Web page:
BTO migration blog

Spring and autumn are exciting times for anyone who watches birds. Here on this blog we will make predictions about when to expect migrant arrivals and departures, so that you know when and where to see these well-travelled birds.

Friday 21 September 2012

Look to the east this weekend

With the UK seemingly stuck in a westerly airflow it is not surprising that the focus has very much been on birds from that direction. Over the last week there have been impressive numbers of transatlantic waders found on this side of the pond. Up to 16 American Golden Plovers, 75 Pectoral Sandpipers and at least 30 Buff-breasted Sandpipers provided the backdrop to the two juvenile Short-billed Dowitchers, still present from last week, and a scattering of Baird’s, White-rumped, Semi-palmated and Spotted Sandpipers.

Spotted Sandpiper by Peter M Wilson

With the strong westerly winds, movements of common migrants have been patchy with most coastal watchpoints experiencing some very quiet days. However, during periods of relatively calm winds hirundines made their move. On the 19th, an estimated 3,000 House Martins, 2,300 Swallows and 210 Sand Martins were in the skies over Christchurch Harbour. Slightly smaller numbers of the same species were counted at Spurn Point, East Yorkshire on the same day. Meadow Pipits have also begun to move with similar numbers reported from several sites along the east and south coasts.

With the promise of easterly winds for the latter part of this weekend, the focus ought to be on birds from that direction. With a Blyth’s Reed Warbler arriving on Orkney and an Arctic Warbler on Fair Isle this morning, things look good for migration watchers along the east coast.

Blyth's Reed Warbler by Andy Mason

As the wind turns, more easterly showers are forecast to move through during Saturday so ‘vis migging’ (observing visible migration) should be the order of the day. Meadow Pipits and Siskins should begin to move overhead in good numbers, accompanied by smaller numbers of redpolls and Goldfinches, along with a possible large movement of Swallows and House Martins. Showers overnight Saturday and early on Sunday morning could also ‘ground’ good numbers of other migrants that ought to include Whinchats and Stonechats. It will be worth checking out the latter for Siberian Stonechat.  An intriguing report from the bird observatory at Falsterbo, Sweden, tells of a very early movement of Nutcrackers through the site. We can dream!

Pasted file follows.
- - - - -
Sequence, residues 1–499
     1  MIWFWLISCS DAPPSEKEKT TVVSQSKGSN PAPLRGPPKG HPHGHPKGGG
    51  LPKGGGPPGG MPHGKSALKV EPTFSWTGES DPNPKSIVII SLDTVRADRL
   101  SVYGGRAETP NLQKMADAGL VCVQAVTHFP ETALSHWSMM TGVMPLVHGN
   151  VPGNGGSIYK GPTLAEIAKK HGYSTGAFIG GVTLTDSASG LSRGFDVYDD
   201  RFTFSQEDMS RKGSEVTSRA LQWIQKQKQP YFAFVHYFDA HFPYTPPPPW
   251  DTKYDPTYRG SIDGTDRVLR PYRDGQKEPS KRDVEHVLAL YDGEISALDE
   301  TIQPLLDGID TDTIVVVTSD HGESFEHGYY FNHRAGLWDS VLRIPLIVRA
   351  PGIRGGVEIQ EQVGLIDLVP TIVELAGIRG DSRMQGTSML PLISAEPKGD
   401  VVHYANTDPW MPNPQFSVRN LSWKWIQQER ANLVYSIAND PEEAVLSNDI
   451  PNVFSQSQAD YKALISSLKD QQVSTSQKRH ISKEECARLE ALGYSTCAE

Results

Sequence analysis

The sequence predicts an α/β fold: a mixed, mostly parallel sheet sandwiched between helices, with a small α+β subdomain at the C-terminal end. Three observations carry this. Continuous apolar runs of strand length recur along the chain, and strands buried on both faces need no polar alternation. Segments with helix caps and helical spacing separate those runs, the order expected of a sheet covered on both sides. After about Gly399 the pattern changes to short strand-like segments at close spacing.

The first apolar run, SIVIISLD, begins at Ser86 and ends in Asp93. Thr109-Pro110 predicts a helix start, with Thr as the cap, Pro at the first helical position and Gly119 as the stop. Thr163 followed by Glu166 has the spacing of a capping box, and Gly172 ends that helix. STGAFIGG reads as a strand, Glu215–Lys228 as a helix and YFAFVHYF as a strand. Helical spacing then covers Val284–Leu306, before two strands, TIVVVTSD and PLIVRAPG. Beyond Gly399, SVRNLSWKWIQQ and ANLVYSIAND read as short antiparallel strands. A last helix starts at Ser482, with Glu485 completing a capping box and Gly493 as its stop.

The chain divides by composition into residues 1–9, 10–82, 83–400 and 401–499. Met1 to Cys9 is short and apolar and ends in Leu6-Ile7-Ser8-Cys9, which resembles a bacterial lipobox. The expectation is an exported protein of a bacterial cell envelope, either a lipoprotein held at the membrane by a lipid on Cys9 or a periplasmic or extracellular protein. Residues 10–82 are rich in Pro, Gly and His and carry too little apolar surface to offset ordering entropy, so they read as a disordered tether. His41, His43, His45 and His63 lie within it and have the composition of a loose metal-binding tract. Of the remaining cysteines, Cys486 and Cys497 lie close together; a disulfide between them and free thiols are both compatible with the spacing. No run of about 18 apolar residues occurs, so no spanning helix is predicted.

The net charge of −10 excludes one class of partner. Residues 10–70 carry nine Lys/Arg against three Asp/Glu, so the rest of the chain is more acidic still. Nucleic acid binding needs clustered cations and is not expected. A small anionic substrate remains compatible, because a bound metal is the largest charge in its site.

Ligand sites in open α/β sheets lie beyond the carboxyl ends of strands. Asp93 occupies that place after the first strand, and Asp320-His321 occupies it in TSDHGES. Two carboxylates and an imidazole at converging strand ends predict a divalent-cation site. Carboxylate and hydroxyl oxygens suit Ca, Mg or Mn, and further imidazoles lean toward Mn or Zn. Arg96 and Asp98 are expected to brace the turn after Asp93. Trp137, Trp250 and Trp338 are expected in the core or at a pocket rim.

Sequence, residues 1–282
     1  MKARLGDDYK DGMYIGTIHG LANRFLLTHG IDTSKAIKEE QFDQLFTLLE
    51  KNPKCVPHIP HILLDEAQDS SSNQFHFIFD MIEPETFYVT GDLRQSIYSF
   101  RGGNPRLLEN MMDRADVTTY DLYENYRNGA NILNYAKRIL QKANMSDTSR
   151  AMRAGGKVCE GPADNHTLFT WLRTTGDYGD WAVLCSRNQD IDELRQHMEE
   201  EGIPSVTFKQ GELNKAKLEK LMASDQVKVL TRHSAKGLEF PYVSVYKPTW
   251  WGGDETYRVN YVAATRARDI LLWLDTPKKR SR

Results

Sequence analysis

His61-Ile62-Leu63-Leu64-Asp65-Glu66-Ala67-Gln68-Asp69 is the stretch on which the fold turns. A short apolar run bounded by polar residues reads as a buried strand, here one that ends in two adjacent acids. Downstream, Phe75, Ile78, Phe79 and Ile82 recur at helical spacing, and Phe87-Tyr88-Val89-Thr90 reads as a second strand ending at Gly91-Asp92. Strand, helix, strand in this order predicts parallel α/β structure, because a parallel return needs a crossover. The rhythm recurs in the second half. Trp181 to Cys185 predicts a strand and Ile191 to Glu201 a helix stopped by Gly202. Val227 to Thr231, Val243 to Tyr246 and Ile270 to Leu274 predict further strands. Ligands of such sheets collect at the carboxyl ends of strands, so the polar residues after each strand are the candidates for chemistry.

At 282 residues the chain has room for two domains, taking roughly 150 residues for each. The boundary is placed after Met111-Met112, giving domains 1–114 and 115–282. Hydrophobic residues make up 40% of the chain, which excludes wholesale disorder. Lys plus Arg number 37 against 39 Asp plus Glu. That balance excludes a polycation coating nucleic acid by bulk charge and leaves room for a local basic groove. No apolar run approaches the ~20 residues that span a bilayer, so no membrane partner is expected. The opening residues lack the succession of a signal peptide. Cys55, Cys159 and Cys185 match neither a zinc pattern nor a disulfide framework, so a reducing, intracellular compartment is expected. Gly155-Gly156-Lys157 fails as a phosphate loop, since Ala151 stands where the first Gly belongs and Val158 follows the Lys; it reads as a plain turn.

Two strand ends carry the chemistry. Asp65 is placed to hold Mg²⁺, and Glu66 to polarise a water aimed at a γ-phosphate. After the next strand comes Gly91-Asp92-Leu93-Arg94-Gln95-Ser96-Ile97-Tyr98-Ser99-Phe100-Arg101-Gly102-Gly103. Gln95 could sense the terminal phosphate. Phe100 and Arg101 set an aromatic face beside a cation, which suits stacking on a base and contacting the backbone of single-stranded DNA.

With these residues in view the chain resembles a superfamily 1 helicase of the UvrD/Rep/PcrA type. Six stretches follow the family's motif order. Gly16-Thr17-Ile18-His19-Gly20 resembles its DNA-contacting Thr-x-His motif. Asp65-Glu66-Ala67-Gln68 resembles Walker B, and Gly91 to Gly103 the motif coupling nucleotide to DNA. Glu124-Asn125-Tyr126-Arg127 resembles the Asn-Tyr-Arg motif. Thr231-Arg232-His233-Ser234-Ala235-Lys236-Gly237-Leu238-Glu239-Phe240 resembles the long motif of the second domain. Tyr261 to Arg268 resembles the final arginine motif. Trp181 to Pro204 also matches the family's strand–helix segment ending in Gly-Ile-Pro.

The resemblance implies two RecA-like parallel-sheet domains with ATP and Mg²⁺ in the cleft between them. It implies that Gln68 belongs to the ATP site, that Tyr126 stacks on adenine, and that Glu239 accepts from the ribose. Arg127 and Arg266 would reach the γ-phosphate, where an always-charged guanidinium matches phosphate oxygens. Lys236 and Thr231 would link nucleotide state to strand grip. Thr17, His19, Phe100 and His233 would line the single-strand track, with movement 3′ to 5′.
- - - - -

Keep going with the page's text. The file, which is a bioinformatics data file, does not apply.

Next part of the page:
Nutcracker by Stephen Menzie

We could also see the first noticeable arrival of Goldcrests to the east coast, and, if Goldcrests turn up then the first Yellow-browed Warbler of the Autumn is always a possibility. At this time of year a ‘fall’ of migrants is likely to contain a wide variety of birds that will include flycatchers, warblers and a few early moving thrushes. The first few Redwings were reported to BirdTrack earlier this week.

 So if you’re anywhere near the east and south coasts this weekend, particularly on Sunday morning, get out and enjoy what could be one of the busiest days of the autumn so far.

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